Jonathon, Gerry and I attended the Advent programme on Wednesday - and we discussed the ideas with the rest of the kids.

We try to attend Reconcilation as a family each month.

We prayed the novena for the Immaculate Conception and are now praying together a Christmas novena.

And we are working on our failings , being accountable to one another over this work, during Advent.

( Btw, I failed today, before Mass. :-( . I blew it, in a quiet way.)

However, just being together for prayer and the sacraments has an influence, I think.

Seeing each other work on areas and dust ourselves off and try again is a help.

I hope. :-)

Saturday, December 09, 2006


Last night we attended Mass for the Feast of the Immaculate Conception.

Mass was beautiful - our family loves the whole incense thing.

And Father gave a very thoughtful homily on Our Lady and on the Immaculate Conception.

Three of our sons and a friend went to youth group ( late) after Mass - and I was a bit sad to see that they were the only kids from youth group who attended Mass. I thought it would have been nice for youth group to attend en masse and then to continue with usual youth group activities or a party.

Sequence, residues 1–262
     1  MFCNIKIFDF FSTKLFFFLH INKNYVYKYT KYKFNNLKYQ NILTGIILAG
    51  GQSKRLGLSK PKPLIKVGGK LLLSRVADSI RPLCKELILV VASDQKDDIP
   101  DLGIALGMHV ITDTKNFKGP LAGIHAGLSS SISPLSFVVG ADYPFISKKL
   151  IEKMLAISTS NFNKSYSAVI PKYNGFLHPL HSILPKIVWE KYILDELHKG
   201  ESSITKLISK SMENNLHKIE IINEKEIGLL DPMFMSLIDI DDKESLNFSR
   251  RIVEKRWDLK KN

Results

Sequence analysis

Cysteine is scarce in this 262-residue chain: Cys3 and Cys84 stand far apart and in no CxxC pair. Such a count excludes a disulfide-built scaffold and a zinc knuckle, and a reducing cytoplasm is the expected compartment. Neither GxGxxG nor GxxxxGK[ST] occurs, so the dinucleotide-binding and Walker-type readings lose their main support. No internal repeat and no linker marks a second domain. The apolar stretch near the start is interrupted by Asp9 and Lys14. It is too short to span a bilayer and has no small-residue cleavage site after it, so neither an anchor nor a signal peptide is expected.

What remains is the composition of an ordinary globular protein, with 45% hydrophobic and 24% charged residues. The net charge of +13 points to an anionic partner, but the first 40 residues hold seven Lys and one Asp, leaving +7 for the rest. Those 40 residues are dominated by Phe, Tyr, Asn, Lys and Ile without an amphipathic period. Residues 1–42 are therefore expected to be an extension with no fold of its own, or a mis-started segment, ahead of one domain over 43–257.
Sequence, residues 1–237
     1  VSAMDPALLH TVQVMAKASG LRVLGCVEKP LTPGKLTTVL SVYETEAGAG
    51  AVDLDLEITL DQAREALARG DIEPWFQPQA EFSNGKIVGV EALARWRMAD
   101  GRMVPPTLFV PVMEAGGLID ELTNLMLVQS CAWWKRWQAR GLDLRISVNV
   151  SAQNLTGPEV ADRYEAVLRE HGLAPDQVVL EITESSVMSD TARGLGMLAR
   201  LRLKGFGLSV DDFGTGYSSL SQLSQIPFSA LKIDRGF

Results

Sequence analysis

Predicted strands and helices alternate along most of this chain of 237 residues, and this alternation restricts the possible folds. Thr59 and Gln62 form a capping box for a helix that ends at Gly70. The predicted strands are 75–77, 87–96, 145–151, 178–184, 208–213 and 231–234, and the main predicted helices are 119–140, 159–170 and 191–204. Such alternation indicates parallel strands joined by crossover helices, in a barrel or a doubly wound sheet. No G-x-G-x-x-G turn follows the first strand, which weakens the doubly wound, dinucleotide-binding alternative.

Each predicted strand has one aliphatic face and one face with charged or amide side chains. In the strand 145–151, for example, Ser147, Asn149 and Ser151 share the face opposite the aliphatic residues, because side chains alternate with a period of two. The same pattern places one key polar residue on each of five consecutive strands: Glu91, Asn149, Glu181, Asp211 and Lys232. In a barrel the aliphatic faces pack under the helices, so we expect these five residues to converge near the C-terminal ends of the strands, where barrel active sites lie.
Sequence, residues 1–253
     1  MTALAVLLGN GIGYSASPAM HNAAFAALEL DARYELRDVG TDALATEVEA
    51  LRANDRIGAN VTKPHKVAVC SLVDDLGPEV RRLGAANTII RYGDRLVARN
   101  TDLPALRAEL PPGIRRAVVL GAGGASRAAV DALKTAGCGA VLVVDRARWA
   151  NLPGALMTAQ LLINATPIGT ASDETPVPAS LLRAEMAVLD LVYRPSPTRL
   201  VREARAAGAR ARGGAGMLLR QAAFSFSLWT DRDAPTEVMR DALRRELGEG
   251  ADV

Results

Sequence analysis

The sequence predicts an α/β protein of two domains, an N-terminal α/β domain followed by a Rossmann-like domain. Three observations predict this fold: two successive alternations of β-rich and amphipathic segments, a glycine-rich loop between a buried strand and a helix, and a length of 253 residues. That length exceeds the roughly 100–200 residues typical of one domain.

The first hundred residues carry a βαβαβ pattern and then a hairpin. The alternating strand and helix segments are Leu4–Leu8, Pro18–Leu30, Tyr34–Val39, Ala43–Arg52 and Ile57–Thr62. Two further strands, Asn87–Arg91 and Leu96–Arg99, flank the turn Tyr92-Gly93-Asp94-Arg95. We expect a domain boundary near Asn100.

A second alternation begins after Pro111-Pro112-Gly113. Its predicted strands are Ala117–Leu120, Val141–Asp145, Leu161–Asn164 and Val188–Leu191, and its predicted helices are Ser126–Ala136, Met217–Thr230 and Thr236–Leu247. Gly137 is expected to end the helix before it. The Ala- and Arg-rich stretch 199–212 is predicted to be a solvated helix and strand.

I went to M.N.O. - ( homeschool) Mother's Night Out. It was the annual Christmas present steal - and a lot of fun! A few friends and I formed alliances to help with our "stealing" of presents.

I also tried a very yummy mini Christmas pudding.

An internet search this morning revealed three different recipes - I think Thomas and Anthony and I will try one of these!

Mini Xmas Puddings
Mini Xmas Fruit Puddings
Xmas Pudding Truffles

Friday, December 08, 2006

My new favourite quote

"Exercise gives you endorphins. Endorphins make you happy! And happy people just don't shoot their husbands!" Reese Witherspoon as Elle Woods in Legally Blonde

Thursday, December 07, 2006

Erudite Limpets.

Last night, inspired by the discussion at our parish Advent programme, we shared thoughts on heaven and earth, hell and purgatory.

We pondered God, perceptions of God and perceptions of the states of heaven or hell.

I was reminded of C.S. Lewis' analogy of "erudite limpets." I read this section a few nights ago, as part of my Advent reading. And shared the story of Lewis' erudite limpets with Gerry and the kids.

The boys were intrigued by the analogy and the discussion.

The "limpet" discussion is from Miracles. Lewis likens our own experience of defining God to that of the erudite limpets in defining Man.

"Why are many people prepared in advance to maintain that, whatever else God may be, He is not the concrete, living, willing, and acting God of Christian theology? I think the reason is as follows.